It is around nine o’clock in the morning as I wake up. I step out from my own room where I have stayed the last 3 nights and step to the yard of the compound. The grandmother of the house sees me and wishes ‘selamat pagi’ (‘good morning’) with a sweet smile. It seems that the whole family has been awake for quite some time already, and are fully occupied with their daily routines. I greet the grandmother happily and try to hide my tiredness. She offers me breakfast from the family kitchen and my day starts with some sweet Indonesian tea.




This is how my third morning in started in the village of Sindu, on the island of Bali. The last morning of a Duara experience that changed my perception of the Island where I had already spent two months before the village visit.


How I ended up in Bali in the first place was due to conducting a Bachelor’s Thesis project for Duara Travels, a company that I had admired and followed closely during my Tourism Management studies. I decided to mix work and leisure and head up to Bali for the whole autumn of 2018, where I combined working on the Thesis project with relaxing and exploring the island.

 As one part of the project, my task was to expand Duara’s village network and I was now testing a new village with a brand-new host family. In this blog post I will tell more about my experience of being the first customer in the village.


Before starting my own village stay, I read blog articles about the experiences of previous Duara travellers. In several reviews, there were mentions of nervousness mixed with excitement before starting the village stay. These were also exactly my feelings when hopping on my rental scooter before heading to the village. I thought that I would surely have an amazing experience but was simultaneously nervous of how the communication and interaction between me and the host-family would go. Reflecting the experience now, I believe that the host family were thinking exactly in the same way when waiting for me.

As I arrived to the yard of the host family they were waiting for me with the Duara-contact person, Buana, who introduced me with the family. The kids in the family were very interested in the new arrival but also shy. The first hours were spent by getting to know each other and looking around the family compound. As the time passed, the nervousness melted slowly away.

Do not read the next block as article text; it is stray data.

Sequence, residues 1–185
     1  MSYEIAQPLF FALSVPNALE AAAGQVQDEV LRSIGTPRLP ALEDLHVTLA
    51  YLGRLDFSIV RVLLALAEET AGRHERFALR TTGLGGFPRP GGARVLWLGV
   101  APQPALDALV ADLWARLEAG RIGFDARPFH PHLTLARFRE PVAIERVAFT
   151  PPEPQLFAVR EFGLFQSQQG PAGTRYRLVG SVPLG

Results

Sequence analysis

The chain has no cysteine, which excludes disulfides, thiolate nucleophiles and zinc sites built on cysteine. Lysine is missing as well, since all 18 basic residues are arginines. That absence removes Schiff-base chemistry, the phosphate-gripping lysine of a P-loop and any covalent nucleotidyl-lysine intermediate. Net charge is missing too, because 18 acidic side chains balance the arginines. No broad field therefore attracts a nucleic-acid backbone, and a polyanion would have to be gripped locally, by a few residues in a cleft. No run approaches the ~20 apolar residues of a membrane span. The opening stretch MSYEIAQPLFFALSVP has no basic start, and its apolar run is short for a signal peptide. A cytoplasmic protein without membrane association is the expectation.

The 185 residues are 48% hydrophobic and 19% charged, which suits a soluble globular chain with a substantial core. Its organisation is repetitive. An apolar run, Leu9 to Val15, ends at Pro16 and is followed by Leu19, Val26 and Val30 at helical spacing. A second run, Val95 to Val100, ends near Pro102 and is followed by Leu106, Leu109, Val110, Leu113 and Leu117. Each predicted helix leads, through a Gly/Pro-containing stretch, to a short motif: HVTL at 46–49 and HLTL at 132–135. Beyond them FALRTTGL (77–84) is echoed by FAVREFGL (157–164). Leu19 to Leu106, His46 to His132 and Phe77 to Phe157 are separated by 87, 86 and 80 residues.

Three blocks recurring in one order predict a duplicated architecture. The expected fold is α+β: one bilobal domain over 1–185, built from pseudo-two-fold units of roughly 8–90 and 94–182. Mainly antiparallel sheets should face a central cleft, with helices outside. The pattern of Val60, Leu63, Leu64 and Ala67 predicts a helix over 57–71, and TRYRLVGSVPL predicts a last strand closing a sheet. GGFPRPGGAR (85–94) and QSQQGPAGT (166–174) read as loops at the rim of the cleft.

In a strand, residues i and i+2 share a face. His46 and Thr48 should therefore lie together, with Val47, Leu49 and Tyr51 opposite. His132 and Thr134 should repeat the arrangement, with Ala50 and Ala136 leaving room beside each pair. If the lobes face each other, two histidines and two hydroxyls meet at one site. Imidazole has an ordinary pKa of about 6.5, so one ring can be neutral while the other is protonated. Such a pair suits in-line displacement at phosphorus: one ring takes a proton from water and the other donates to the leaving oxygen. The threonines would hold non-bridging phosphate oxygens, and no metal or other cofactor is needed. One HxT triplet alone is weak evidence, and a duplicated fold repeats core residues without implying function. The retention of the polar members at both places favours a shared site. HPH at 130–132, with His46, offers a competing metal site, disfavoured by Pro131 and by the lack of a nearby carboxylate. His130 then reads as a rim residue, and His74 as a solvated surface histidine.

By the time of the first evening, while sitting on veranda, the initial awkwardness seemed to be more and more just a memory and discussion flowed smoothly.


The evening gatherings were actually when the strongest bonds between us were created. Each evening, we gathered to sit on the veranda, snacking on local delicacies, sipping local drinks and exchanging stories. There was no feeling of rush. No feeling of urgency. The evenings passed smoothly with family members and friends coming and going. On those evenings, I started to get a better sense of Balinese sense of time and community.

While sitting together we exchanged stories about our own cultures.
My host family also tells about the challenges with growing tourism industry in Bali, especially caused by big resorts in the neighbouring areas.

Bali is basically on the other side of the globe from my home country Finland and there were lots of fascinating things about Bali that were so different from Finland. The Balinese Hinduism, local music culture, history of the island, and traditions were wonderful to hear about and each of the topic would require a lifetime learning to master. My host family was also fascinated about Finland. Why would anyone want to go swimming in a freezing cold water? That’s dangerous! Some of the people found pictures of northern lights so amazing that I had to convince them that it’s a real phenomenon and no photoshop was used. Landscapes of Lappish snowy forest seemed like a dream for them. 


On the last day of the stay I had a look at the local community project, where 10% of the rate is allocated to. Buana, Sindu village contact person, is heading the community project. He is creating a space for local youth to learn digital skills such as video-editing, and digi-marketing. With these skills they can pursue their own goals in a world where these skills are increasingly useful.

As we were saying goodbyes with the host-family they said that I have a family now in Bali. And this is exactly how I felt. I hopped on my scooter and drove back with a smile on my face knowing that I did good to the local community, got much richer in experiences and now had an extended family in the village of Sindu.


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